by Julian Stanton
1 October 2009
Certification is widely used to demonstrate compliance to set criteria. However, any organisation can issue a certificate for any reason. But for certification to be credible it must operate under the backing of an officially recognised body with public accountability. Organisations such as the National Security Inspectorate (NSI), officially accredited by the United Kingdom Accreditation Service, measure contractor performance to documented British and European Standards and Codes of Practice.
Businesses that achieve these requirements are 'approved' and receive certification from the third-party certificated body (TPCB). They can then issue their own customers with certificates produced by the TPCB. The certificates are also recognised by the relevant authorities and insurers.
A typical audit
Usually, an applicant company would have two or three inspections to achieve approval, in NSI's case depending on whether they choose the gold or silver level. Once approved, companies are normally audited twice a year at each approved location.
At NSI, audits are carried out by International Register of Certificated Auditors-qualified fire scheme trained inspectors.
There are two elements to this annual assessment. Part one is a technical audit that concentrates on work conducted by the approved company through visits to customer locations. For example, FD&A systems will be checked to see that they have been designed, installed, commissioned and maintained in line with the relevant standards.
The second part of the assessment will focus on office-based audit procedures. This includes verifying that previous corrective actions have been carried out, checking customer service procedures and identifying that relevant administrative processes are adhered to. All companies are assessed for their quality management system, with gold-approved companies receiving a more rigorous assessment against BS EN ISO9001: 2008.
Fit for purpose
It is important to understand and implement the changes that have been taking place in fire safety. They have implications for all business, public and multi-tenanted buildings. In October 2006, the Regulatory Reform (Fire Safety) Order 2005 (RRO) and the Fire Scotland Act 2005 came into effect. These acts place a greater emphasis on fire prevention.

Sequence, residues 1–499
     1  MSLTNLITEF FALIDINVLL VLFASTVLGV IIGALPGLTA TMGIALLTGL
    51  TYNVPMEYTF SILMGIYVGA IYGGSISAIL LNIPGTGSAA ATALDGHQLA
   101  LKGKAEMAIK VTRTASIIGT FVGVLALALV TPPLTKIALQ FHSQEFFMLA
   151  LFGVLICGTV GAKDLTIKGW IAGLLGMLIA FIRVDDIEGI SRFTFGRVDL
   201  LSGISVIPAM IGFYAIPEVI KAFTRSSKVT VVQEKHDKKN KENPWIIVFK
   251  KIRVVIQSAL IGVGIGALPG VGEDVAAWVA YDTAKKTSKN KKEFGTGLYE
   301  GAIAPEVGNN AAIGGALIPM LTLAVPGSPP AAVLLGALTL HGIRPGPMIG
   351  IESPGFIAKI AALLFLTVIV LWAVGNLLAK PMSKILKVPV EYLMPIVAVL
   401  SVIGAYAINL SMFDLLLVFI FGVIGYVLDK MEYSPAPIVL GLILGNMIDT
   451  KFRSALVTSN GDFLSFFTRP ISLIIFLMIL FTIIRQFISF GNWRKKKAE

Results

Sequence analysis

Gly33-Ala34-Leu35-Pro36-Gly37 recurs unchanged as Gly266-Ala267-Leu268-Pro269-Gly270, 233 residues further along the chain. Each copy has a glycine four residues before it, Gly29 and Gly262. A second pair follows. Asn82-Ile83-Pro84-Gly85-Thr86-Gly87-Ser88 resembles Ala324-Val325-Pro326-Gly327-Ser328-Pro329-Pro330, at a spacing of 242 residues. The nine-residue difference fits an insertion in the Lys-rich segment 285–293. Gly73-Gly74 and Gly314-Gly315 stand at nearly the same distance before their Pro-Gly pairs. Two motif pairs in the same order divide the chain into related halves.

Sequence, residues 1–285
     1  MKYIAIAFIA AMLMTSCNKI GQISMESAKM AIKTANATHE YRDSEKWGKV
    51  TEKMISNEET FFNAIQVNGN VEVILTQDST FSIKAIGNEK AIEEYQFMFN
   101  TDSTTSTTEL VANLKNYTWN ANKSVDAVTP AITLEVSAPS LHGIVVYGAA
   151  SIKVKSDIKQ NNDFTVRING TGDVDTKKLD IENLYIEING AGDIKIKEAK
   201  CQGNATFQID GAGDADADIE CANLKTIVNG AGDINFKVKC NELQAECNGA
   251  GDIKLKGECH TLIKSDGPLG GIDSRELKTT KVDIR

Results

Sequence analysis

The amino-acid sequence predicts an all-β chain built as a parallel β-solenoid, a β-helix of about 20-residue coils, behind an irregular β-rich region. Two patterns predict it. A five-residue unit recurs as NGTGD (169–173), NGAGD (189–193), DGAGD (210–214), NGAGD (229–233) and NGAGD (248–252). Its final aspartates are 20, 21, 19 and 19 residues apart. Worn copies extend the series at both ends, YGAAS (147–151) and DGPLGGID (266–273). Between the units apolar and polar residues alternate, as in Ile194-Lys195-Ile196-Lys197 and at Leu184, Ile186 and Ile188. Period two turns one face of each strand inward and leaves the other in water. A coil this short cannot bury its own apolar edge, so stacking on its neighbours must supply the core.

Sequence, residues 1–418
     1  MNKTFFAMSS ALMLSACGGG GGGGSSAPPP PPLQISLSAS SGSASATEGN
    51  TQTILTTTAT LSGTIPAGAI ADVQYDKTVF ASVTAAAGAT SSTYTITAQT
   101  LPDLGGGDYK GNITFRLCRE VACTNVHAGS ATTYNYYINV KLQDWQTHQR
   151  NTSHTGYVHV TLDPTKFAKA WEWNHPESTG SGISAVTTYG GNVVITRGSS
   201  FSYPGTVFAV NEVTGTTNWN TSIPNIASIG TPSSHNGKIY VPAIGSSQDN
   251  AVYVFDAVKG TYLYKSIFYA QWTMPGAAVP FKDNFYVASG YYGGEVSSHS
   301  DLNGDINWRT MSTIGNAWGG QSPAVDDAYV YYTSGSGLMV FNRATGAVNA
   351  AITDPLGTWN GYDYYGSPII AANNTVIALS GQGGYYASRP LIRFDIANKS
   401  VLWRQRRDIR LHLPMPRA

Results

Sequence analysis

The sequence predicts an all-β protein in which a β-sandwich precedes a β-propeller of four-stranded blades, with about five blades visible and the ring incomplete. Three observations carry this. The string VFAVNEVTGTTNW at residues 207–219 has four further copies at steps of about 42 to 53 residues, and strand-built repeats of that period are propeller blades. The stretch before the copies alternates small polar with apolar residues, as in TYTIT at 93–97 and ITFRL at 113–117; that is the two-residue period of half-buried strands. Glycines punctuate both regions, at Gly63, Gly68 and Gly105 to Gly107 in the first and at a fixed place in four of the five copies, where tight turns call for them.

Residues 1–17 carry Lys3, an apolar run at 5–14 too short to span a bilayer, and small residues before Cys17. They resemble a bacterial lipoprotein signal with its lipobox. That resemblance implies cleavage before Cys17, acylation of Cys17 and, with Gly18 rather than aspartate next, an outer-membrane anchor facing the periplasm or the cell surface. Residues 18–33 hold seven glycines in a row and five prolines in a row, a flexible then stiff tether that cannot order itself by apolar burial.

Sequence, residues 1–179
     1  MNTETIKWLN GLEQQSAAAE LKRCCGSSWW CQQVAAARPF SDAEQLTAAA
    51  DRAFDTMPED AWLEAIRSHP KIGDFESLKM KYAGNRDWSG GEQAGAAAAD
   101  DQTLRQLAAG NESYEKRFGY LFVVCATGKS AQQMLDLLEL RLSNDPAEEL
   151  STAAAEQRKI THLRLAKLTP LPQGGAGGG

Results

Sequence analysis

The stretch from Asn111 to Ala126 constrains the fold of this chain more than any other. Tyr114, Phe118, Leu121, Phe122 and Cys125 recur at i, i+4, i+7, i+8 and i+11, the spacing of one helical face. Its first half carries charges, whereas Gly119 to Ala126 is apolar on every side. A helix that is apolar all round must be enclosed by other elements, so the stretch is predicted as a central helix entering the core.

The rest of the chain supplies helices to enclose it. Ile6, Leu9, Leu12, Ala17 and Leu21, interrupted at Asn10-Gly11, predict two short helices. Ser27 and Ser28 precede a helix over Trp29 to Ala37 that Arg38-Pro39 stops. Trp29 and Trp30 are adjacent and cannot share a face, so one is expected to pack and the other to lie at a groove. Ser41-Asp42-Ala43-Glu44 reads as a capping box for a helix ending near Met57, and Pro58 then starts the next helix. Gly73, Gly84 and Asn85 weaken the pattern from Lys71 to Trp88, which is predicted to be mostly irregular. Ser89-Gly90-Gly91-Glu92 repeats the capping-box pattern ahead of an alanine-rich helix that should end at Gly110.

In addition, the Chief Fire Officers' Association (CFOA) policy, The Reduction of False Fire Alarms & Unwanted Fire Signals, is approaching implementation. This deals with false alarms from remotely monitored systems. Responsibility for fire safety lies with the owners and occupiers of premises who must designate a 'responsible person' ('duty holder' in Scotland).
The responsible person must make certain that all fire protection measures, products and systems are fit for purpose. Those responsible for onward maintenance must also ensure that all fire protective measures remain continuously fit for purpose.
Fire certificates are no longer to be issued by Fire & Rescue Services. This will place increased accountability on the responsible person. Risk assessments must now be conducted and fire protection systems will feature as a key component of fire risk management in almost every circumstance.
Furthermore, the relevant authorities will require evidence that systems are fit for purpose and properly installed and maintained in accordance with relevant British standards.
Risks of non-compliance
FD&A systems that haven't been designed, installed and commissioned correctly put staff at risk. Individuals in the organisation could be prosecuted in the event of fire. In June 2009, a director of Maureen O'Brien Limited was ordered to pay a fine and costs totalling £5,500 by Inner London Crown Court for 11 contraventions of the RRO, following inspection at a retail chain headquarters. There had been no fatalities, however, fire prevention and protection need to be taken seriously.
The CFOA policy also recommends the use of TPC contractors to demonstrate compliance for the design, commissioning and installation of FD&A systems.
Business owners and employers must use companies approved through officially recognised TPCBs. After all, fire safety issues do not go away in a recession - even empty premises need to be protected from arson. Fire in a populated building can be financially crippling and risk the welfare of staff and others who could be victims of negligence. The only real way to prove that a fire protection system is fit for purpose is through TPC.
Julian Stanton is marketing manager at the National Security Inspectorate
Why go third party?
Why choose third-party certificated bodies (TPCB)?
Your contractor will perform to at least a minimum standard (NSI actually exceeeds the minimum)
It proves you are genuinely committed to quality and continued improvement
You provide reassurance that the requirements of police, fire authorities and insurance companies are met
It will drive up industry standards and protect against cowboy installers
You give proof to relevant authorities that your FD&A is fit for purpose and that the system will perform properly